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February 12, 1982

Hepatitis A and Meningoencephalitis

JAMA. 1982;247(6):815. doi:10.1001/jama.1982.03320310063033

EXTRAHEPATIC complications of confirmed hepatitis A infection are uncommon and, with the exception of hepatic encephalopathy, have not included CNS involvement.1-3 Cases of encephalitis presumed to be due to hepatitis A were previously reported before laboratory confirmation of hepatitis A etiology was available.4,5 The following is a report of a case of serologically confirmed hepatitis A associated with CNS inflammation.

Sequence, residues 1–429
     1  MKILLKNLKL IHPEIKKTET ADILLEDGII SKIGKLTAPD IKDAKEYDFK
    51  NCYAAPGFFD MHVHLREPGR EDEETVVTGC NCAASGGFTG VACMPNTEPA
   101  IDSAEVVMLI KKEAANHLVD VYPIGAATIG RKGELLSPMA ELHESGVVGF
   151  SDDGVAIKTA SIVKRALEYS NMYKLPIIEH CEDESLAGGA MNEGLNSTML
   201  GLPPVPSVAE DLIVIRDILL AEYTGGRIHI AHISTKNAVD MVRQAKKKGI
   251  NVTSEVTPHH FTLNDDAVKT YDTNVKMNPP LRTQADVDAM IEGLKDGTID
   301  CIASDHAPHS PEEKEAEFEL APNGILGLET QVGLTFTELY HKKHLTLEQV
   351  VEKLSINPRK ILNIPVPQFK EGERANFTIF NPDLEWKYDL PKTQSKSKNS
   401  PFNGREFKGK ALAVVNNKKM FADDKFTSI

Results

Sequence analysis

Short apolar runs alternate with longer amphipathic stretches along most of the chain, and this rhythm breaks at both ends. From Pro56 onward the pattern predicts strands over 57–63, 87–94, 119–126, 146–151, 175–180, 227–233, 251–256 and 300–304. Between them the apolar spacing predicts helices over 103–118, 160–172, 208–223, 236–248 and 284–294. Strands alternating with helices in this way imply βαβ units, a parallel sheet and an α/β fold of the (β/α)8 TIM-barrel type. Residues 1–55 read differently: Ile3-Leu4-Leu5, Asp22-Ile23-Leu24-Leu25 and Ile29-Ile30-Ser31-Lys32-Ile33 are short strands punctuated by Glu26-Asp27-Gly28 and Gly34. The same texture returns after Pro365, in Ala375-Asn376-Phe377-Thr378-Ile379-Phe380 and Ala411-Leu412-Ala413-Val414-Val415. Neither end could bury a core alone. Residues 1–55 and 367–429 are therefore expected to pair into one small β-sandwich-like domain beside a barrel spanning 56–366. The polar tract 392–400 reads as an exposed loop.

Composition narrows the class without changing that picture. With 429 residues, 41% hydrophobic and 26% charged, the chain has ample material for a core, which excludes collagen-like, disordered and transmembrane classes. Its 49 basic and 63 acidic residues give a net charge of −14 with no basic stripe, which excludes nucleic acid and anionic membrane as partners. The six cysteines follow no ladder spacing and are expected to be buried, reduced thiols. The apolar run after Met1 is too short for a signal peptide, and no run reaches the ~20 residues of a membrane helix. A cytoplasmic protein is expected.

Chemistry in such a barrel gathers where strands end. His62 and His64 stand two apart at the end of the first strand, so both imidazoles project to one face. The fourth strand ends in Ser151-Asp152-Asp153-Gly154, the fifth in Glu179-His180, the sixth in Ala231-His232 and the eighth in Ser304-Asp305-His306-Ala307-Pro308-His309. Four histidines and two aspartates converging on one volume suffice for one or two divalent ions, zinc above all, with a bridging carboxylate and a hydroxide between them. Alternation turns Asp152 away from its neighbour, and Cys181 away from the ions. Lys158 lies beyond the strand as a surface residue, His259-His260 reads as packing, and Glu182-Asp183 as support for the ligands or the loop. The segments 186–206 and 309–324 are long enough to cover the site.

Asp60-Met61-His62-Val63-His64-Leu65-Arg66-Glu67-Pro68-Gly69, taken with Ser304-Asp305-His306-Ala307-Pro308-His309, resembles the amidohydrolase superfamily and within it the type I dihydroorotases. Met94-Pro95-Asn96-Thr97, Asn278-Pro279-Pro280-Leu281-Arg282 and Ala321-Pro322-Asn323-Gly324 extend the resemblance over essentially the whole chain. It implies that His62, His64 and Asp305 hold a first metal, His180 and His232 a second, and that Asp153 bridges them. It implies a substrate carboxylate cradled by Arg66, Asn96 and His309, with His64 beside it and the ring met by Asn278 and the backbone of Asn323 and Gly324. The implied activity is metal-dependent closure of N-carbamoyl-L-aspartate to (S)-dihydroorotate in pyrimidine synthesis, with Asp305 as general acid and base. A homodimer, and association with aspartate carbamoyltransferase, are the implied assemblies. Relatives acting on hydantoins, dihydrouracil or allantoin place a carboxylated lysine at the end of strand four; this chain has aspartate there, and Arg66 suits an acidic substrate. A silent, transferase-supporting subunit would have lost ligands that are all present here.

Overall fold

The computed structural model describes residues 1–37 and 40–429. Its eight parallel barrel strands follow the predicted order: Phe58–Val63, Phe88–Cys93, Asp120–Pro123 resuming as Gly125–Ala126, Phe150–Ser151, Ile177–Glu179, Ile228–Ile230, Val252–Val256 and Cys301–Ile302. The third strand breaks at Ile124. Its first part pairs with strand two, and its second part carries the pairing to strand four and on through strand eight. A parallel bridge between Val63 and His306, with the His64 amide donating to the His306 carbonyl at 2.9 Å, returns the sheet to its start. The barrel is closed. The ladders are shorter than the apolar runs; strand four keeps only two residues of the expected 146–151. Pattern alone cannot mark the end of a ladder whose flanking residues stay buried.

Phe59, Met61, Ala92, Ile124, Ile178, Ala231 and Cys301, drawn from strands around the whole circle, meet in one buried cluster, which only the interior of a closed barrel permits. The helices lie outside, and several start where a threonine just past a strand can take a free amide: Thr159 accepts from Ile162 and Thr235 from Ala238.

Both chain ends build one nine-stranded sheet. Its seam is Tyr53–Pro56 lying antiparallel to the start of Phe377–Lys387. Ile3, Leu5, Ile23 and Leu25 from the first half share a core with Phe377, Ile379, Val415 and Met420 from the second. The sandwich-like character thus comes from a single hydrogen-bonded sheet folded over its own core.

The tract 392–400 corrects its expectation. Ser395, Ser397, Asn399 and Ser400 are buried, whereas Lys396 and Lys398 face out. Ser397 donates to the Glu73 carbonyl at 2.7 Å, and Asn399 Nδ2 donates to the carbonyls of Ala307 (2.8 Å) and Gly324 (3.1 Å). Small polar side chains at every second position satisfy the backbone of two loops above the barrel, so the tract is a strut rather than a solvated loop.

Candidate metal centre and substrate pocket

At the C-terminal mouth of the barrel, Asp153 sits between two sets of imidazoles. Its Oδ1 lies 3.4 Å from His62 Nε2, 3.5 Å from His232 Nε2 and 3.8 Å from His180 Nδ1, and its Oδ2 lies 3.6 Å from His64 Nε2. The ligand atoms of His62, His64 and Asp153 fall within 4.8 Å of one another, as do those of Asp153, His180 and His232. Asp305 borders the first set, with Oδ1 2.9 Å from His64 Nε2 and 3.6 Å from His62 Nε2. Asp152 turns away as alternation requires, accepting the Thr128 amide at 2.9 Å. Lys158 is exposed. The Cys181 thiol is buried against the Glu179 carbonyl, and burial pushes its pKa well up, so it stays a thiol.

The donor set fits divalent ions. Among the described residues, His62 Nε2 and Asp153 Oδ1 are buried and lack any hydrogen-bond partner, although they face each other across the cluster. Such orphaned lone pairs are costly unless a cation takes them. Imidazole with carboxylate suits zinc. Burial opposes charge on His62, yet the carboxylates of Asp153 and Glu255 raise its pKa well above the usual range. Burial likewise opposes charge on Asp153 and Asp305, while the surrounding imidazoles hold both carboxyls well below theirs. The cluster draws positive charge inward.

Report of a Case  A previously healthy, 56-year-old businessman was hospitalized in December 1979 with jaundice and decreased mental acuity of several days' duration. Ten days before admission, he experienced fever, sore throat, and cough, with subsequent development of anorexia, mental dullness, confusion, dark urine, and jaundice. Five weeks earlier he had traveled to Europe on a business trip where he had eaten raw seafood. The patient denied excess alcohol intake, toxin exposure, or receipt of blood products.On examination, he was afebrile, icteric, slightly obtunded, and disoriented.